Naga people (Lanka)

The Naga people were believed to be an ancient tribe who once inhabited Sri Lanka and various parts of Southern India. There are references to them in several ancient texts such as Mahavamsa, Manimekalai and also in other Sanskrit and Pali literature. They are generally being represented as a class of superhumans taking the form of serpents who inhabit a subterranean world.[2][note 1]

Cobra symbolism in a Sri Lankan Hindu statue of the Nainativu Nagapooshani Amman Temple
According to Buddhist scripture the Naga king Muchalinda shielded the Buddha from getting wet in the rain by coiling round him and holding his large hood above the Buddha's head.[1]

Certain places such as Nagadeepa in Jaffna and Kalyani in Gampaha are mentioned as their abodes.[3] The names of some Naga kings in Sri Lankan legends such as Mani Akkhitha (Mani Naga) and Mahodara are also found in Sanskrit literature among superhuman Nagas[note 2], and the cult of Mani Naga prevailed in India up to medieval times.[4]

The Jaffna Peninsula was mentioned in Tamil literature as Naka Nadu, in Pali literature as Nagadeepa and in Greek gazetteer as Nagadiba or Nagadibois.[5][6] The name Nagabhumi was also found on an ancient coin from Uduthurai, Jaffna and in a Tamil inscription from Pudukkottai referring to the Jaffna peninsula.[7]


The word "Naga" literally means "snake" or "serpent" in Sanskrit, Pali [[]].


According to Manogaran, some scholars also "have postulated that the Yakshas and Nagas [...] are the aboriginal tribes of Sri Lanka".[8] Scholars like K. Indrapala regard them as an ancient tribe who started to assimilate to Tamil culture and language from the 3rd century BCE.[9][a] According to him, in the end of the 9th century or probably very long before that time, the Nagas assimilated into the two major ethnic groups of the island.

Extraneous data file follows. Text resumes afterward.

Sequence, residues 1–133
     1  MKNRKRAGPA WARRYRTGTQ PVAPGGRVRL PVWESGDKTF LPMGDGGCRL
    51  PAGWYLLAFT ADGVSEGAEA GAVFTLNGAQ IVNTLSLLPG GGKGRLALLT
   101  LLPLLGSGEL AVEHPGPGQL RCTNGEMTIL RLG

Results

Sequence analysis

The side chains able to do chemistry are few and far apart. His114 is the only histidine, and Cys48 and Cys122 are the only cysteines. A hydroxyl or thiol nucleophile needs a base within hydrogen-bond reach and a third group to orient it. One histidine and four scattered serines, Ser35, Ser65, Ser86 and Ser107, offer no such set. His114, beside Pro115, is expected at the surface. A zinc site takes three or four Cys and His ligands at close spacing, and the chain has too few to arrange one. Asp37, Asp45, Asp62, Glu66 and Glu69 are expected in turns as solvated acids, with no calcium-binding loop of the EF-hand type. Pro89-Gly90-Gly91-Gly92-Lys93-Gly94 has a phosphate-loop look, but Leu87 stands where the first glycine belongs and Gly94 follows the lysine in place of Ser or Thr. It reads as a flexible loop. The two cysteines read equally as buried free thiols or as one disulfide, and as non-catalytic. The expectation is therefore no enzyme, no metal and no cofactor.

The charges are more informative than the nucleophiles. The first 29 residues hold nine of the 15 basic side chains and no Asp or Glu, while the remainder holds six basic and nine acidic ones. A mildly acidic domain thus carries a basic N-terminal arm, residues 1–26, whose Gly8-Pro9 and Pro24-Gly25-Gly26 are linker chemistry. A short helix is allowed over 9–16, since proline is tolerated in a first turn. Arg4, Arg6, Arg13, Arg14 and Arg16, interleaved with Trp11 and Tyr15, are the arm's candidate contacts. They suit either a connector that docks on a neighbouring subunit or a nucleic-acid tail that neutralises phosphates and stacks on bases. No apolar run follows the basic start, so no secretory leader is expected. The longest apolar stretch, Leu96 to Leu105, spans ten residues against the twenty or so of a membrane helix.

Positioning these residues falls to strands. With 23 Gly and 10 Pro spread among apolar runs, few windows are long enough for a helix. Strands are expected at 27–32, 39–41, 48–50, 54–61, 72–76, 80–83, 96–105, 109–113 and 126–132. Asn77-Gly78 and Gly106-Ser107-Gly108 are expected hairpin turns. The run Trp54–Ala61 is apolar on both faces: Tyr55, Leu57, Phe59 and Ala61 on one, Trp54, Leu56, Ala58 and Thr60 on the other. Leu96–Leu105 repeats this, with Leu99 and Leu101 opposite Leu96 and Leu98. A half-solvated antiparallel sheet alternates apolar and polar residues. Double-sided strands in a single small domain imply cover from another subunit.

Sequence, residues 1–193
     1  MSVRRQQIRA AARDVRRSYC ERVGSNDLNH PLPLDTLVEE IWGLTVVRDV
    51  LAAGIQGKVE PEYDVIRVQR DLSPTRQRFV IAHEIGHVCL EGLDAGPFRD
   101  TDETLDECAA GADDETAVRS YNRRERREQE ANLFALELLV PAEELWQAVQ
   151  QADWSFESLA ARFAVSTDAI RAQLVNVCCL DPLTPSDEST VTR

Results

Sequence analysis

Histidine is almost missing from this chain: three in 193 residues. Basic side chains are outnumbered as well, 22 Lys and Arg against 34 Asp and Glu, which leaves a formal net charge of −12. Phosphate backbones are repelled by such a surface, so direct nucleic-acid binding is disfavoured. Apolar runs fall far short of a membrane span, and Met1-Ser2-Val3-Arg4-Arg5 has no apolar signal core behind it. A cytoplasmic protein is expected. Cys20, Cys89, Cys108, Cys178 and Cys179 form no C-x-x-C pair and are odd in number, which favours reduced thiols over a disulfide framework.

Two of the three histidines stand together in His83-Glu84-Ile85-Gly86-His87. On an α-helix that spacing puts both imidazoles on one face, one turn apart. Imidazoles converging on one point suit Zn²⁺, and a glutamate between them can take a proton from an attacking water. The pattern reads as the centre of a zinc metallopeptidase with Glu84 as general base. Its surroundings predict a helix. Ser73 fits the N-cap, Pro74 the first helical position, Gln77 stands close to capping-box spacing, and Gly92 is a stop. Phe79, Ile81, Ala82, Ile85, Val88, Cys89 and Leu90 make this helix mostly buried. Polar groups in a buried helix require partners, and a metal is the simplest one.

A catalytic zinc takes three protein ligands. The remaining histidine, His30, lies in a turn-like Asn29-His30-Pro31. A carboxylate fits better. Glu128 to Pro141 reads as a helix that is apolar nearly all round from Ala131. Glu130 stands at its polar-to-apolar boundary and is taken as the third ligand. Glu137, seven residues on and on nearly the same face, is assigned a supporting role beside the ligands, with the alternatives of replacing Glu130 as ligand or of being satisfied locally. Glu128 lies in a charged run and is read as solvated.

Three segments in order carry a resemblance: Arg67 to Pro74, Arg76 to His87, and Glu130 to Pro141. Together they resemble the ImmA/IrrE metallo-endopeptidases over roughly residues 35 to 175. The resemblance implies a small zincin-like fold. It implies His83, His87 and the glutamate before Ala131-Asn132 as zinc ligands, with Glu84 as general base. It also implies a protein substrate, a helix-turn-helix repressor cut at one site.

According to V. Kanakasabhai, The Oliyar, Parathavar, Maravar and Eyinar who were widespread across South India and North-East Sri Lanka are all Naga tribes.[12] According to several authors they may have been a Dravidian tribe.[13][8] Many Tamil poets who contributed to the Sangam literature attached Naga prefixes and suffixes to their names to indicate their Naga descent.[14][11]

Early referencesEdit

Buddha's visit to Nagadeepa. Detail from Kelaniya Raja Maha Vihara


The chronicle states that the Buddha, during his second visit to the island, pacified a dispute between two Naga Kings of Nagadeepa, Chulodara and Mahodara over the possession of a gem-studded throne. This throne was finally offered to the Buddha by the grateful Naga kings who left it in Nagadeepa under a Rajayathana tree (Kiri Palu) as an object of worship.[15] Since then the place became one of the holiest shrines of Buddhists in the island for many centuries. The references to Nagadeepa in Mahawamsa as well as other Pali writings, coupled with archaeological and epigraphical evidences, have established that Nagadeepa of the Mahawamsa is the present Jaffna Peninsula.[16][17][18]

The chronicle further states that in the eighth year after the Enlightenment, the Buddha visited the island for the third time, on an invitation of Maniakkhita, the Naga king of Kalyani (Modern day Kelaniya) who is the uncle of the Naga king of Nagadeepa.[19]


In the Tamil epic Manimekalai, the heroine is miraculously transported to a small island called Manipallavam where there was a seat or foot stool associated to the Buddha. The seat in Manipallavam is said to have been used by the Buddha when he preached and reconciled the two kings of Naga land, and that it was placed in Manipallavam by the king of gods, Indra.[note 3][20] The legend speaks of the great Naga king Valai Vanan and his queen Vasamayilai who ruled over Manipallavam in the Jaffna Peninsula. Their daughter, the princess Pilli Valai had a liaison at the islet with the early Chola king Killivalavan; out of this union was the prince Tondai Eelam Thiraiyar born, who historians note was the early progenitor of the Pallava Dynasty.[21][22][23] He went on to rule Tondai Nadu from Kanchipuram. Nainativu was referred to as Manipallavam in ancient Tamil literature following this union. Royals of the Chola-Naga lineage would go on to rule other territory of the island, Nagapattinam and Tondai Nadu of Tamilakam.[24]

By the time Buddhism had reached Tamilakam, the twin epics of ancient Tamil Nadu Silappatikaram (5–6th century CE) and Manimekalai (6th century CE) were written, speaking of Naga Nadu across the sea from Kaveripoompuharpattinam.[25] The island according to the Tamil epic was divided into two territory, Naga Nadu and Ilankaitheevam.[26] Naga Nadu, or the whole island was also known as Cherantheevu, derived from Dravidian words Cheran (meaning Naga) and theevu (meaning island).[27][28]